“Hold! (cried the Prior) God commands that ye shall not proceed, re-sheath your swords, and release your captive.” Rodolph started, and gazed with amazement on the Prior. “What man art thou, (said he) that dare oppose my will; disclose to me thy name and purpose?” – “To preach repentance, (replied the prior) and to prevent evil.” Much more the Prior said, for he found that he had gained attention.

Rodolph raised his head, and gazing on the sky, an unwonted smile played o’er his features. “Thou holy man, (he kindly said) thy exhortations wind like infant tendrils round a sinner’s heart, and have taught my soul to know what constitutes true happiness on earth; thy words have chased error from my mind.” (18)

The anonymous narrator guides the reader along through the thoughts and lives of different characters without offering any independent commentary. The only character that the narrator independently comments on is the Prior, whom the narrator repeatedly describes as virtuous. This technique of guiding the narrative with a heavy focus on transcribing dialogue makes the characters of Feudal Days appear more developed than there may otherwise be space for in a twenty-eight-page chapbook. Additionally, the oftentimes-unclear sentences may require a second or third reading of a passage. These tactics combine to make the story appear longer and more action-heavy than what may be expected for a book of its size.

Rodolph’s narration, on the other hand, provides personal and descriptive insights, showcasing broader character development and highlighting Rodolph as the protagonist of the story. Rodolph is frequently over-dramatic, utilizing exaggerated similes such as, in the passage above, “like the prowling monster of the forest” to evoke his strong feelings and emphasize the weightiness of his tumult. The Prior’s eventual ability to calm even Rodolph’s tormented mind, as shown in the sample passage, lends extra weight to the anonymous narrator’s assertion that the Prior is inarguably virtuous. Although Rodolph’s style of narration may appear disjointed from the impersonal and brief narration of the rest of the chapbook, the fact that every paragraph of his tale is offset by quotation marks renders his interpolated tale as a long-form version of the dialogue relayed by the anonymous narrator. Therefore, Rodolph’s narrative style showcases an extended version of the character development tactic utilized by the anonymous narrator and is in fact consistent with the rest of the chapbook.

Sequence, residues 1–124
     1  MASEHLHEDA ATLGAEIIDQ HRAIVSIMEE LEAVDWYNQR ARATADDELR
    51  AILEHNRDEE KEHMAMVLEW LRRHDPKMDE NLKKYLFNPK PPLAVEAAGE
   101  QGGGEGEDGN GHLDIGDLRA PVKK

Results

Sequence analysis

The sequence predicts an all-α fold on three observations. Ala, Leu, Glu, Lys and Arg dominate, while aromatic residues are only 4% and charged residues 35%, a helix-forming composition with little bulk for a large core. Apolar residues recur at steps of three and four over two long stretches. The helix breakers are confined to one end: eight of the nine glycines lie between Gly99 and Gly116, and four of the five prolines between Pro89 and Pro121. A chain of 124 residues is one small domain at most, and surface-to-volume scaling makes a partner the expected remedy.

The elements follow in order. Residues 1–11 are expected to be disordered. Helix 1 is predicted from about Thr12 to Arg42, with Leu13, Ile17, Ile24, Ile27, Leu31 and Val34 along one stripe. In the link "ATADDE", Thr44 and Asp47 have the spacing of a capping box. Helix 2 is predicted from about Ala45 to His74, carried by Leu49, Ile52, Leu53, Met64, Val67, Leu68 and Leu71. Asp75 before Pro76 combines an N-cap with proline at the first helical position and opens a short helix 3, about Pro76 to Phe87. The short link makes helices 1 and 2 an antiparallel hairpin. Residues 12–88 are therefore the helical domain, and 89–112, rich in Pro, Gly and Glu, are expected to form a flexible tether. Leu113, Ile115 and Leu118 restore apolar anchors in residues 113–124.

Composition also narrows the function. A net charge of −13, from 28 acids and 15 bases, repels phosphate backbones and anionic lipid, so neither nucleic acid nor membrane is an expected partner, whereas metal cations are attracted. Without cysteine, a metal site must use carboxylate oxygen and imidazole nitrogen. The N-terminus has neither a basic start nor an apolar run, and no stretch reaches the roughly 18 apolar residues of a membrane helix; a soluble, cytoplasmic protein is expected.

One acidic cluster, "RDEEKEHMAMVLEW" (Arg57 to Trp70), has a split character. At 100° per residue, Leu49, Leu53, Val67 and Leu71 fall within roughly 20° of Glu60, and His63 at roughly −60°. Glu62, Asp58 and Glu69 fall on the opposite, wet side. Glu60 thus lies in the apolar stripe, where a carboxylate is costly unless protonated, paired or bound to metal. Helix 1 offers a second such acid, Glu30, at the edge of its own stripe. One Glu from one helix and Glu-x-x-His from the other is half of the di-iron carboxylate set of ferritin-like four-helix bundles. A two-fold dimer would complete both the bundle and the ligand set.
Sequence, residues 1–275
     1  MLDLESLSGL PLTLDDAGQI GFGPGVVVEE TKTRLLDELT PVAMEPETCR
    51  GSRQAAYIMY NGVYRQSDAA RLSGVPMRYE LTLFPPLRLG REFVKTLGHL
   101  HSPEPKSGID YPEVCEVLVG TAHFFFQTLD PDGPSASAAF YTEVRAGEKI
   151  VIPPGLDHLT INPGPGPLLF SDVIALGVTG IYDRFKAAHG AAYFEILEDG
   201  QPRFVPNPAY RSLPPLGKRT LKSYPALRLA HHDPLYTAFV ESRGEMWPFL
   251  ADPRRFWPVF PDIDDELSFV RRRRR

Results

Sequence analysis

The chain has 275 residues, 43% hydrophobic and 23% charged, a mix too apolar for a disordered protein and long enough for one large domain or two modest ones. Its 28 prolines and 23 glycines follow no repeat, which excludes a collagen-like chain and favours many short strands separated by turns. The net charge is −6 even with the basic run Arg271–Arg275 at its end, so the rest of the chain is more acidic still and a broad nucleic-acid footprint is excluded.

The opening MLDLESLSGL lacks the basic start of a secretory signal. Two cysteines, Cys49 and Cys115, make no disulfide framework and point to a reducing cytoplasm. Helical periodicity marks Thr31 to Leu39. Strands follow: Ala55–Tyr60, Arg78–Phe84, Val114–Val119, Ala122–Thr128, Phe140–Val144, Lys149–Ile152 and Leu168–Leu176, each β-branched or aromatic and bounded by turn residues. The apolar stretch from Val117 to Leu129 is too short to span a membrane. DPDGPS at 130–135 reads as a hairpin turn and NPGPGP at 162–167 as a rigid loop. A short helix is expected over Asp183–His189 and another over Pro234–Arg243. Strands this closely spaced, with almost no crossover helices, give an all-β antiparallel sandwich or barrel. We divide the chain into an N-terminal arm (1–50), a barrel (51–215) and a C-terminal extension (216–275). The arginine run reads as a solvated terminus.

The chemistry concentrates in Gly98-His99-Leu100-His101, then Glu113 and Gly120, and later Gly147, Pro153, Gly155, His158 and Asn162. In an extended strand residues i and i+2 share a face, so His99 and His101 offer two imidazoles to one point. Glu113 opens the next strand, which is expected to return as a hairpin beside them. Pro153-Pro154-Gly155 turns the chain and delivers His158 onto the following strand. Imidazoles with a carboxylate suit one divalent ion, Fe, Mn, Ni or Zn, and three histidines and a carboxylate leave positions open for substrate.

Summary

Feudal Days opens with a description of the Priory of Birkenhead, which sits close to the Mersey inlet, a place where ships frequently wreck. Beyond the inlet, there lies a “bleak and dreary” waste of vegetation; the pious father of the priory (the Prior) cautions travelers to avoid the “track on the right” when navigating through the waste and take the “track on the left” (3). 

On a dark night, the Prior summons one of his men, Father Francis, to accompany him down to the water so that they can encounter any struggling travelers and give them aid. As they walk down to the water, the Prior recalls when Francis was rescued in a similar condition—on a night like this, the Prior slipped and fell walking back up to the priory, and locked eyes with Francis, also suffering on the ground and exhausted due to the weather. The Prior called the other brothers of the priory, and the two men were brought up to the priory and nursed back to health.

Back in the present, the men complete their journey down to the water; as the night gets even darker, they decide to head back to the priory. Before they can leave, they catch a glimpse of a man “in warlike form” wielding a sword, but the figure disappears (5). When they return to the priory and go to sleep, the Prior is haunted by dreams related to that figure.

The next morning, Father Francis steals away from morning prayers to sit in solitude in a sea cave on Mersey’s shore. Father Francis recalls his life before becoming a priest, when he was called Ernulf. Father Francis, in mental turmoil, recounts his parting with his lover, Angela. Father Francis killed Angela’s husband, Arden; Angela also died that night in shock, despite her love for Francis. Francis pleads with God to “forgive their murders,” when, suddenly, he sees the warlike figure from last night (6). The figure turns out to be Francis’s old friend, Rodolph. Rodolph first provides clarity to Francis’s backstory, then launches into his own story, declaring himself an “outlaw” and the “meanest slave of passion” (7).